CAMP's Analysis

Significantly, this is the first time our DOE contact has acknowledged that the lack of a power purchase agreement is an impediment to the ROD. More importantly, apparently DOE does not expect the MEP to overcome the serious obstacles to its progress, and so DOE is lavishing its attention and largesse on competing projects.

Another commercial-scale, coal-gasification, energy project is receiving substantially more federal funding than the MEP did and it is moving along. The 600 MW project in West Texas claims it will capture 90% of the CO2 emissions, which could be sold locally for enhanced oil recovery. Two other fossil fuel projects intended to capture and sequester significant amounts of CO2 are also receiving substantial funding and making progress. One of them is FutureGen, which previously was intended to build on technology demonstrated by the MEP; in its reconfiguration as FutureGen 2.0 it does not need any trailblazing from the MEP.

These developments support CAMP's earlier conclusion that Excelsior Energy is not likely to receive any more federal funding for its misbegotten MEP. As it is even less likely to receive any other public funding or private investment, we expect it will fade away when the initial DOE funding is exhausted, which could be soon.


Once again we have discovered that Senator Tom Bakk abused his position as Chair of the Senate Tax Committee to benefit the MEP. At the end of the legislative session in 2008 he slipped a provision into the omnibus tax bill that exempts IRR's information relating to loan recipients from the state's Data Practices Act. This means that we can't do anything about IRR's refusal to respond to our inquiry into the reasons for and the details of the IRR's August action writing off tens of millions of dollars owed by Excelsior Energy. It also explains why other investigative efforts have led nowhere.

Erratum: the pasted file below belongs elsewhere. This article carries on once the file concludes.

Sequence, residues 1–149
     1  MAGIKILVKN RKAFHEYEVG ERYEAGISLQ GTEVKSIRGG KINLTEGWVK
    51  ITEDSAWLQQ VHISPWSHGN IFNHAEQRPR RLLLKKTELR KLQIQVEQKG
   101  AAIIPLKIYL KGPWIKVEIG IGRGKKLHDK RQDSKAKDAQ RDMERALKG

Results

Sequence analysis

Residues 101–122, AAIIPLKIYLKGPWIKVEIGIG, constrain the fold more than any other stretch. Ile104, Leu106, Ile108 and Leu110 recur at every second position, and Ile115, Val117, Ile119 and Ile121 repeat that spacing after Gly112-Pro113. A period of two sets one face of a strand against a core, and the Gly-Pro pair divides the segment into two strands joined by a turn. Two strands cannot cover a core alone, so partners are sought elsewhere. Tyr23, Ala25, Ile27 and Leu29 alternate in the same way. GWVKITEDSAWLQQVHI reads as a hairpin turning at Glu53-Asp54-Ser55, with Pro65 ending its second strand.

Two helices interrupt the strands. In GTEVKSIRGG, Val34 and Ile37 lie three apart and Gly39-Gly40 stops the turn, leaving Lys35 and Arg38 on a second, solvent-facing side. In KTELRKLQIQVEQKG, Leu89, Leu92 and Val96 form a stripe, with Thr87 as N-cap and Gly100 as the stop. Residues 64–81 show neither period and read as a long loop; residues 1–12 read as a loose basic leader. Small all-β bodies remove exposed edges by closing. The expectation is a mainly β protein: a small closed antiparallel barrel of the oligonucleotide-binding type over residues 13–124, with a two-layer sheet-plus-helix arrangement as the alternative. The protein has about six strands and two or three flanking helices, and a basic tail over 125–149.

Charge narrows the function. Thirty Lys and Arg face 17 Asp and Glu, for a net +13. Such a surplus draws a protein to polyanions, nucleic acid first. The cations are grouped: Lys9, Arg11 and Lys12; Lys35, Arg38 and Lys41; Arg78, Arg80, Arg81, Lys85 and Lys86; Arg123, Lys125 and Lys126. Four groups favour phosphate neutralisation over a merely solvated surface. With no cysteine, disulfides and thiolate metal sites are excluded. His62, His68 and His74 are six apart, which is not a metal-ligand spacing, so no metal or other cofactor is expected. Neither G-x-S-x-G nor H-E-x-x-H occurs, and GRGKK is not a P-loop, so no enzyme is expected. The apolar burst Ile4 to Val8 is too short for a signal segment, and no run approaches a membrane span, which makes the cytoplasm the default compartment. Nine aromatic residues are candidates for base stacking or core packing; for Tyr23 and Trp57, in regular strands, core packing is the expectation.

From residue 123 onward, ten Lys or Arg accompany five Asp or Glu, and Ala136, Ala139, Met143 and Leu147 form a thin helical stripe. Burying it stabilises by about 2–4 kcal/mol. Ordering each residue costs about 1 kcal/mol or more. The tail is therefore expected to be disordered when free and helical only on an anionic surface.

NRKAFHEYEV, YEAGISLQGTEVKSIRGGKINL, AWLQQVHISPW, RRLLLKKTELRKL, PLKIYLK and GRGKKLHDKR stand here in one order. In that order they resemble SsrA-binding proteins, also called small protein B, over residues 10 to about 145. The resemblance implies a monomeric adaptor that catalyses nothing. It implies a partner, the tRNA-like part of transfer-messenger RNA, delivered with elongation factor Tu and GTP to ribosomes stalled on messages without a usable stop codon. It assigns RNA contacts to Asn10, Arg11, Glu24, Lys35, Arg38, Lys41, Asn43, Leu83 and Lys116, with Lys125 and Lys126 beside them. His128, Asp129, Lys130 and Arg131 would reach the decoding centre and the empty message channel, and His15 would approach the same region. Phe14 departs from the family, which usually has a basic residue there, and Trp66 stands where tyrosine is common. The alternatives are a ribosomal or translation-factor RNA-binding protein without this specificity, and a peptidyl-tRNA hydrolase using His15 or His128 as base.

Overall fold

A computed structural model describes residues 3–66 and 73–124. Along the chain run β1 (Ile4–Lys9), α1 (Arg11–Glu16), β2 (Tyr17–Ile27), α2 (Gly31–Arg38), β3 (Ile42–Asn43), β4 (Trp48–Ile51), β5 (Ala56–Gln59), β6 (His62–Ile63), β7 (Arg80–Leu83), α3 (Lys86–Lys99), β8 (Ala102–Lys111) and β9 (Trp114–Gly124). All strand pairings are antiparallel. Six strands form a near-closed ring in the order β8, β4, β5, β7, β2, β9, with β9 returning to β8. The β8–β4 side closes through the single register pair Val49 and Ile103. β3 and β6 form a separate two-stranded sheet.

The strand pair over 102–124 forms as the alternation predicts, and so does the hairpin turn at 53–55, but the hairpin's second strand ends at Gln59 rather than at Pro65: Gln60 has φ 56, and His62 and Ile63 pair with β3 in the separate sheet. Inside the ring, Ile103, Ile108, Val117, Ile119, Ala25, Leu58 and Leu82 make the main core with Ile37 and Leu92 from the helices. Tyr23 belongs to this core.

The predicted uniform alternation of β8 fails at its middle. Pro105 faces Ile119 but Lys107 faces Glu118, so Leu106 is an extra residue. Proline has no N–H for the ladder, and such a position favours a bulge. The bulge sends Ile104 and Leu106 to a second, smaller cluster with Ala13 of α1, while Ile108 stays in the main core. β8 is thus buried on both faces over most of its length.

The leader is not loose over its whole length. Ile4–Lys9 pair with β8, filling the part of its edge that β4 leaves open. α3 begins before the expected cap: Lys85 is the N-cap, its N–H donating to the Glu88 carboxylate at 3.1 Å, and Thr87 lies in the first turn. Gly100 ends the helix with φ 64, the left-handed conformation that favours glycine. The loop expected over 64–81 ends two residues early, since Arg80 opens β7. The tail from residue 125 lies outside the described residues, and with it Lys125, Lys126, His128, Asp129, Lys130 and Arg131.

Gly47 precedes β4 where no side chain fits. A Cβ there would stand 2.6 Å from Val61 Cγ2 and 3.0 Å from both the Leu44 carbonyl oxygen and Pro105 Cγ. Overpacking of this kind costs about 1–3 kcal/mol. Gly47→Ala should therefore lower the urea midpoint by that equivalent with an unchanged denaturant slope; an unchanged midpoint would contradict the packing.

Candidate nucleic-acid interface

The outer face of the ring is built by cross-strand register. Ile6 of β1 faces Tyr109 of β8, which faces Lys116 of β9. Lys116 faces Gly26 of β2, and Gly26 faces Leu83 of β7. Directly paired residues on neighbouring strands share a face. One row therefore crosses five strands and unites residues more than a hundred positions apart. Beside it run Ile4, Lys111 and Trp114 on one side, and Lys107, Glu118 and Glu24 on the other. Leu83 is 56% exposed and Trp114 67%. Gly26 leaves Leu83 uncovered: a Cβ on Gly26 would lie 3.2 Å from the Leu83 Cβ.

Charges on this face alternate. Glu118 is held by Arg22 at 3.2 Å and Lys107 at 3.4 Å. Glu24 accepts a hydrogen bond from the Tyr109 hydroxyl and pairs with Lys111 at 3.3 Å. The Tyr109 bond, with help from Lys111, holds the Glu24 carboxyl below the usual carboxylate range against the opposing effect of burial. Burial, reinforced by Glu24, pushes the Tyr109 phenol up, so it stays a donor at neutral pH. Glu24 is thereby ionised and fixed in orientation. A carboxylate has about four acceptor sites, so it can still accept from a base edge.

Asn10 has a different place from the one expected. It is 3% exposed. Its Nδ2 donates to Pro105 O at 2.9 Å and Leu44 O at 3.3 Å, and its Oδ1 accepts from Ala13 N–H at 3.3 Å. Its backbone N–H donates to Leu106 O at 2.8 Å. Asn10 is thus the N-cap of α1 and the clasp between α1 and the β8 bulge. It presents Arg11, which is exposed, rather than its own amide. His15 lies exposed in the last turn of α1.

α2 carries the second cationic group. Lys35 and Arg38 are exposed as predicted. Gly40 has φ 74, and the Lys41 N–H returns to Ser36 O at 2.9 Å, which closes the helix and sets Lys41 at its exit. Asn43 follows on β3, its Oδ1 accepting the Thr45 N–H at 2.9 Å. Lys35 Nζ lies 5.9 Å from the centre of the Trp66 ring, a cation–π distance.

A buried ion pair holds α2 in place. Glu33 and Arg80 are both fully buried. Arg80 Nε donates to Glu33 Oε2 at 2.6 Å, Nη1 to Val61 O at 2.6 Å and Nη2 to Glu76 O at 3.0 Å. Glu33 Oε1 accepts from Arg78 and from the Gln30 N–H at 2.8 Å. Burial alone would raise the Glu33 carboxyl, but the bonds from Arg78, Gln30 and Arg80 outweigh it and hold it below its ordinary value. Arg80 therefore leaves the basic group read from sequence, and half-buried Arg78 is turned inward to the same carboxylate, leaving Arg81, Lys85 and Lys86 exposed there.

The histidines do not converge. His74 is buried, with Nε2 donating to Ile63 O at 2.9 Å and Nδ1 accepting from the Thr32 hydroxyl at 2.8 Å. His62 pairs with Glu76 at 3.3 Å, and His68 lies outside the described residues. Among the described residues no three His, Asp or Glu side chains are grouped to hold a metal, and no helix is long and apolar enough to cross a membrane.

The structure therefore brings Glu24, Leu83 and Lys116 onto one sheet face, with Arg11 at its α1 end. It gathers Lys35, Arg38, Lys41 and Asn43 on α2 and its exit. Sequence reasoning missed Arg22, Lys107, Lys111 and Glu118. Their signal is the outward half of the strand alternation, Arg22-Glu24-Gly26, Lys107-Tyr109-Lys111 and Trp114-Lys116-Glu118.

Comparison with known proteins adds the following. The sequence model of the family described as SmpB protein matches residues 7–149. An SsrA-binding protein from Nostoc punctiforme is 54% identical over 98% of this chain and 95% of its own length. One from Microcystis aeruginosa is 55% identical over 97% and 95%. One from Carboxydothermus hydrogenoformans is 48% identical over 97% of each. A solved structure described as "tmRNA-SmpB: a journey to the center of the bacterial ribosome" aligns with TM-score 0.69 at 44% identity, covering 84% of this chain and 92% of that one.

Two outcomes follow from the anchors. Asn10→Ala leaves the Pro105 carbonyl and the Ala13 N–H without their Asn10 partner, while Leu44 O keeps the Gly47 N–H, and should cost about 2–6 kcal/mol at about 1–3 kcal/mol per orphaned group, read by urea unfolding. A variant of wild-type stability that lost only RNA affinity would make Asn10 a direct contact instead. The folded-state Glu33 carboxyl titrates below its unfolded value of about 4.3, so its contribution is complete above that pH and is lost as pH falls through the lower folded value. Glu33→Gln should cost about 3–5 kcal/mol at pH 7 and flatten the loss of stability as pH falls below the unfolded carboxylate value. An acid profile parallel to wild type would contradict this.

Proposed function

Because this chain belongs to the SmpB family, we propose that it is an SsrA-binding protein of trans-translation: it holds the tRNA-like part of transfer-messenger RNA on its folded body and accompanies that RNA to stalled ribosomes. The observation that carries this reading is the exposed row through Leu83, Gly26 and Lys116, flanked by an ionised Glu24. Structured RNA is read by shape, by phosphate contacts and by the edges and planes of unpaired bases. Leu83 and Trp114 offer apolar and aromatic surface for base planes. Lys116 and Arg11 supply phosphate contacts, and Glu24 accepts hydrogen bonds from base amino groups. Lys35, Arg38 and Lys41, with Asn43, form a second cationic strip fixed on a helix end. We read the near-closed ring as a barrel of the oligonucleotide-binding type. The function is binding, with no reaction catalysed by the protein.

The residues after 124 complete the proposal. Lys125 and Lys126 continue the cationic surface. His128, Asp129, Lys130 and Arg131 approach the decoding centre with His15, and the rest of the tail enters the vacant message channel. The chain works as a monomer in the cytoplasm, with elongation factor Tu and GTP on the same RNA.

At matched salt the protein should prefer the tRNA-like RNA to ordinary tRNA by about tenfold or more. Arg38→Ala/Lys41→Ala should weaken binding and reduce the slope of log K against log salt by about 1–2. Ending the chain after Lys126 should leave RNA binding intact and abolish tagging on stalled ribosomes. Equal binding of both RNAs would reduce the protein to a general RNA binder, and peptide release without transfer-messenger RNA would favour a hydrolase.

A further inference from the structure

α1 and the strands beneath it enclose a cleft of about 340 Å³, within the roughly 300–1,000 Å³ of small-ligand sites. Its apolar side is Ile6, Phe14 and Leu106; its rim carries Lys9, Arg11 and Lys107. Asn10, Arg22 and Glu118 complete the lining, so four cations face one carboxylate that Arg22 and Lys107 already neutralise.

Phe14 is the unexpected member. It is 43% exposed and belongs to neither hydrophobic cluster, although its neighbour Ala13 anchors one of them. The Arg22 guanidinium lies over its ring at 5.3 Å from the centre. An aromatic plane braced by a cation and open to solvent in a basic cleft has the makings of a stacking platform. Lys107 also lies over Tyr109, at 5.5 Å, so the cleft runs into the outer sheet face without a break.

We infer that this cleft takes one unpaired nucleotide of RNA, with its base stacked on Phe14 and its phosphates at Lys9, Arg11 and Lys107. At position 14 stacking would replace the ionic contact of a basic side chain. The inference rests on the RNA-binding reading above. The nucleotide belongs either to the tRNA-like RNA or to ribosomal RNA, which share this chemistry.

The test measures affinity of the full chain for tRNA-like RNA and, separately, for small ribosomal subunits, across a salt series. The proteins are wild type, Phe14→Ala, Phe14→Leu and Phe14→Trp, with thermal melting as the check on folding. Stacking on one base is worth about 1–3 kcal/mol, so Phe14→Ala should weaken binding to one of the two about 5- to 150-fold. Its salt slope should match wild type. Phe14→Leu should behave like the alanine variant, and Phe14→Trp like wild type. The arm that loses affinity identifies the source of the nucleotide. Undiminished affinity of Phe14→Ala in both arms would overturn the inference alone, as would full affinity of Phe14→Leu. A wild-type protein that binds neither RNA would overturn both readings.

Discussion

Three years ago CAMP did a comprehensive data search at IRR that in 2008 resulted in embarrassing revelations about the $9.5 million it was wasting on the MEP, including an investigation by the Legislative Auditor. Rather than correcting its irresponsible ways, IRR managed to shutter the window that let the sun shine in. IRR's history of questionable practices make it an exemplar of the need for public scrutiny of a government agency and Bakk's legislative trick should be reversed.

Commissioner Layman: Excelsior Energy "stalled out"

We got a peek into IRR's opinion of the MEP in BusinessNorth's recent interview with departing Commissioner Sandy Layman. Regarding Layman's tenure and accomplishments, Beth Bily wrote: